World War II was a titanic struggle that raged on land, the high seas and in the air. Its battles unfolded in Europe, the Middle East and the Pacific. They were voluminously documented by an armada of expert cinematographers, judging by World War II in Color: Road To Victory, which is currently being streamed on Netflix.
I watched three of its graphic episodes — The Battle of the Atlantic, The Invasion of North Africa, and The Battle of Kursk. The colorized footage is vivid.The musical score is stirring. The analytical commentaries by British, German and American historians are even-handed and enlightening.
Focusing on the epic battles that enabled the Allies to triumph over the Axis powers and Nazi tyranny, the series starts just eight hours after Britain and France declared war on Germany.
On September 3, 1939, a German submarine sunk the SS Athena, claiming the first victims of the war, as The Battle of the Atlantic states in its opening minutes. Among the passengers who lost their lives were Jewish refugees fleeing Europe and American tourists.
Germany’s propaganda minister, Josef Goebbels, ludicrously claimed that Britain had deliberately struck the vessel to make his country look bad. His flagrant lie was exposed by one of the officers of the German U-boat that targeted the SS Athena. He later admitted he had mistakenly identified it as a warship.
Britain proceeded to impose a naval blockade on Germany, prompting German submarines to attack the British fleet at Scapa Flow in Scotland. The Nazi regime then declared war on British merchant and military vessels plying the Atlantic. Britain was dependent on these ships to deliver 70 percent of its food supplies. In response to German aggression, Britain created the convoy system, deploying destroyers to protect merchants ships.
Germany reacted by forming “wolf packs” of U-boats to hunt down convoys. The Germans were quite successful. In the first seven months of the war, they sank hundreds of Allied ships.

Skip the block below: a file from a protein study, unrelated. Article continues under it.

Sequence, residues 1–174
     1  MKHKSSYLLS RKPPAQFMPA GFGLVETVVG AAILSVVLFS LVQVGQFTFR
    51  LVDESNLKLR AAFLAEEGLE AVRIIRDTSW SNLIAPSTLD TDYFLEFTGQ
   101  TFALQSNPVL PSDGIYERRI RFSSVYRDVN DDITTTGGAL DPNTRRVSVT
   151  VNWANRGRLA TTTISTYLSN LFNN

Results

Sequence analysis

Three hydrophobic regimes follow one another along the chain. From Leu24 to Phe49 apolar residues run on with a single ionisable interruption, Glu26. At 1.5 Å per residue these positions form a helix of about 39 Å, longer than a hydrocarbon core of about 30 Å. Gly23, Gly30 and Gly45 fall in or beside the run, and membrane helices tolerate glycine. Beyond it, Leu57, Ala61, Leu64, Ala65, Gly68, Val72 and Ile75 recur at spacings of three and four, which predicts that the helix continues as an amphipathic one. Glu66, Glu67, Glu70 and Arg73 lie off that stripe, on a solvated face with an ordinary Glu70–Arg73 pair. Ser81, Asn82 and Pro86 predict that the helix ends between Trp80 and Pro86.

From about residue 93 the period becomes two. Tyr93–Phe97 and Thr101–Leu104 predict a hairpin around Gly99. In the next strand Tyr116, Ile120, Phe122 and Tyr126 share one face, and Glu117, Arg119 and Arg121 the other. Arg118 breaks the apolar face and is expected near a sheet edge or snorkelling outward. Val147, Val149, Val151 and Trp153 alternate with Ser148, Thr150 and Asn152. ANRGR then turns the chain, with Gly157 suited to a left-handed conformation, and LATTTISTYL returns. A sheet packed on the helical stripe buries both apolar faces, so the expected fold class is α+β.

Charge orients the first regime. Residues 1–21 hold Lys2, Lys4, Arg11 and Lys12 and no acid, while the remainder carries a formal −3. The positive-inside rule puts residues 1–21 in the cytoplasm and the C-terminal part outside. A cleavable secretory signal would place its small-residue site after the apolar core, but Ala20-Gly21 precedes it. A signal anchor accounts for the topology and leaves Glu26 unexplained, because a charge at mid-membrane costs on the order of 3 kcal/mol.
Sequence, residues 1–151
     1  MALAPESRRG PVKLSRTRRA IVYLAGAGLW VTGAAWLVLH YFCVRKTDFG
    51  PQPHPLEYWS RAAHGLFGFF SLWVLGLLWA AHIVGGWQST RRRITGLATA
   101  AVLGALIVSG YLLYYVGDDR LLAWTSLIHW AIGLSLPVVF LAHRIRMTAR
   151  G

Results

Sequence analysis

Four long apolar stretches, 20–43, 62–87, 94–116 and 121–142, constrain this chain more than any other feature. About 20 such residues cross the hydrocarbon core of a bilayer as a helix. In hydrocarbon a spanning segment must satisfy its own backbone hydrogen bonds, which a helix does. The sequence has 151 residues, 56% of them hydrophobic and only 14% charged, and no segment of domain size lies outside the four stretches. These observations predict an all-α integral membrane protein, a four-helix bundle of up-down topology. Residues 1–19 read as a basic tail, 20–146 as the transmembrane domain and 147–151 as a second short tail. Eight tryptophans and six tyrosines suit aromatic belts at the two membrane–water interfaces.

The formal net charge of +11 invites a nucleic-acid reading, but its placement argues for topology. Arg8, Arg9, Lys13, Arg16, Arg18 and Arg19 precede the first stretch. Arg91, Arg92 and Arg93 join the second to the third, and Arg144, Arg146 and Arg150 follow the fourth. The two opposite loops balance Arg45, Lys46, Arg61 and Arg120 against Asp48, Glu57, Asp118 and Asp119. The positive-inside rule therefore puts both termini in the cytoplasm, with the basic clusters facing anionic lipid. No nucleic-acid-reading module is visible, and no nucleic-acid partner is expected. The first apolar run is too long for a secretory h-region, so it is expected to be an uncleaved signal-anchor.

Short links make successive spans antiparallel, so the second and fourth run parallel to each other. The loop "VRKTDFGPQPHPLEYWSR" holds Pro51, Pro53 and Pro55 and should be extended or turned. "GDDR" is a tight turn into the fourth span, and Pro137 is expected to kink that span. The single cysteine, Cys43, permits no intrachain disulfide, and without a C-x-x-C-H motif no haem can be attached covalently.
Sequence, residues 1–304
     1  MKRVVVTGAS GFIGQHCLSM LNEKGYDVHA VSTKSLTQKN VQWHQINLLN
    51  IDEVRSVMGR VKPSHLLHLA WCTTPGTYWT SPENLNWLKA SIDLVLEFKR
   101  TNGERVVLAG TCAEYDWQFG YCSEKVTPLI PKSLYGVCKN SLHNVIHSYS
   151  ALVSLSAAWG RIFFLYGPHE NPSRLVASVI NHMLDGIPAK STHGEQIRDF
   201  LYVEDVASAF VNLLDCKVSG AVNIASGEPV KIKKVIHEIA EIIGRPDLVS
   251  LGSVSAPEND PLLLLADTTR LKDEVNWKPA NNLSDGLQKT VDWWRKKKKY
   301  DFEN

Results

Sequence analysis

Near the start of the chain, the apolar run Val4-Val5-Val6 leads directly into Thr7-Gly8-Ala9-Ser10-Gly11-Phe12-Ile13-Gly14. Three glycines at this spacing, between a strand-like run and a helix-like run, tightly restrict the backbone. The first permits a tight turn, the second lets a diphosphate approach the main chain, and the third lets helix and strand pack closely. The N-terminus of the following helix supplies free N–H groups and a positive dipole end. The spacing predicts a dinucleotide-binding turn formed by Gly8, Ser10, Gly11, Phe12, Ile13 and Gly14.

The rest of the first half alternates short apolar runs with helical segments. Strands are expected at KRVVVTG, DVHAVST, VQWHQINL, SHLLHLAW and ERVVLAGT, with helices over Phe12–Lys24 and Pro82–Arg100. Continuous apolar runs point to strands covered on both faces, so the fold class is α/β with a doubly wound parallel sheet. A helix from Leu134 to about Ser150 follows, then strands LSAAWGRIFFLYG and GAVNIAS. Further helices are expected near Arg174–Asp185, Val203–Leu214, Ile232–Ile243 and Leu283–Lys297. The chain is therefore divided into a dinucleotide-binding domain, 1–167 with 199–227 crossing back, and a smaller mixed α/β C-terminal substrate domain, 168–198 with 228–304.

British Prime Minister Winston Churchill was very worried by the U-boat peril. He ordered decoders at the Bletchley Park compound to decipher German submarine messages, which were relayed by the Enigma machine. He also requested help from allies such as Canada and the United States.
In May 1941, the British fortuitously found an Enigma machine aboard a scuttled German U-boat. This discovery changed the course of the war in the Atlantic. From that point forward, the Allies successfully homed in on German submarines in the mid-Atlantic. Germany’s losses were tremendous, with U-boat crews suffering the highest death rate of all German forces.
Reading the writing on the wall, Admiral Karl Donitz, the commander of the German submarine fleet, pulled his U-boats out of the North Atlantic in 1943 after 40 of them were destroyed in May of that year.
Thirty five U-boats were sent to Normandy following the Allied invasion of France in 1944, but 30 were lost. By the end of the war, the German submarine fleet, now reliant on inexperienced sailors, was a pale imitation of its former self.
The Allies scored an immense victory in the spring of 1943, when German forces in Tunisia surrendered to American and British troops. The Invasion of North Africa zeroes in on the war waged by Britain and its allies against Germany and Italy in Libya, Algeria, Morocco, Tunisia and Egypt.
The Suez Canal, bisecting the Sinai Peninsula, was at the core of British strategic interests in the Middle East. Being the gateway to Britain’s colonies in Asia and the route through which its vital oil shipments passed, the canal had to be held at all cost.
The story starts in the French colony of Algeria. Fearing the French fleet in Mers el-Kabir would fall into German hands, the British Navy bombarded it, killing 1,300 sailors.
As the Italian army in Libya headed toward the canal, Britain launched a counter-offensive, pushing the Italians back. Rushing to Italy’s aid, Germany dispatched 30,000 troops and a tank force to Libya. The Afrikakorps, as it would be known, was commanded by one of Adolf Hitler’s favorite generals, Erwin Rommel.